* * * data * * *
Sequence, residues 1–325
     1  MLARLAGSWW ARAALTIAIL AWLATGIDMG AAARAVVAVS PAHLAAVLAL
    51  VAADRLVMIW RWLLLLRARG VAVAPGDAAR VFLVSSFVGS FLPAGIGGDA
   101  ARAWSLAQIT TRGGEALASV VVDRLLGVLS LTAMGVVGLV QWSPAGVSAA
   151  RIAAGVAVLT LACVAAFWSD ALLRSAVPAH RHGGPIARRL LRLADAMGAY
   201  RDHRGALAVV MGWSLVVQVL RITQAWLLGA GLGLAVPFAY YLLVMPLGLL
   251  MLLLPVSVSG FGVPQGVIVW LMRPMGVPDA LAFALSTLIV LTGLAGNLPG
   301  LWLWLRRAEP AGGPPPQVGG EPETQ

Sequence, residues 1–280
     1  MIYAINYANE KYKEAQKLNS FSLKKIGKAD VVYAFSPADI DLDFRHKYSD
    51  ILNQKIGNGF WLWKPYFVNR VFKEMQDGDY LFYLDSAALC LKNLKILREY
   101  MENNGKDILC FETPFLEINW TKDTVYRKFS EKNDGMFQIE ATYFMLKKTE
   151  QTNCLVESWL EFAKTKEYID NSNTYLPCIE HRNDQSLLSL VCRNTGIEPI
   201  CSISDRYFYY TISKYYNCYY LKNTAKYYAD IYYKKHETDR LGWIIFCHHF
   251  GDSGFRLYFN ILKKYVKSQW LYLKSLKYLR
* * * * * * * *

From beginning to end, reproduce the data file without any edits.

Sequence, residues 1–325
     1  MLARLAGSWW ARAALTIAIL AWLATGIDMG AAARAVVAVS PAHLAAVLAL
    51  VAADRLVMIW RWLLLLRARG VAVAPGDAAR VFLVSSFVGS FLPAGIGGDA
   101  ARAWSLAQIT TRGGEALASV VVDRLLGVLS LTAMGVVGLV QWSPAGVSAA
   151  RIAAGVAVLT LACVAAFWSD ALLRSAVPAH RHGGPIARRL LRLADAMGAY
   201  RDHRGALAVV MGWSLVVQVL RITQAWLLGA GLGLAVPFAY YLLVMPLGLL
   251  MLLLPVSVSG FGVPQGVIVW LMRPMGVPDA LAFALSTLIV LTGLAGNLPG
   301  LWLWLRRAEP AGGPPPQVGG EPETQ

Sequence, residues 1–280
     1  MIYAINYANE KYKEAQKLNS FSLKKIGKAD VVYAFSPADI DLDFRHKYSD
    51  ILNQKIGNGF WLWKPYFVNR VFKEMQDGDY LFYLDSAALC LKNLKILREY
   101  MENNGKDILC FETPFLEINW TKDTVYRKFS EKNDGMFQIE ATYFMLKKTE
   151  QTNCLVESWL EFAKTKEYID NSNTYLPCIE HRNDQSLLSL VCRNTGIEPI
   201  CSISDRYFYY TISKYYNCYY LKNTAKYYAD IYYKKHETDR LGWIIFCHHF
   251  GDSGFRLYFN ILKKYVKSQW LYLKSLKYLR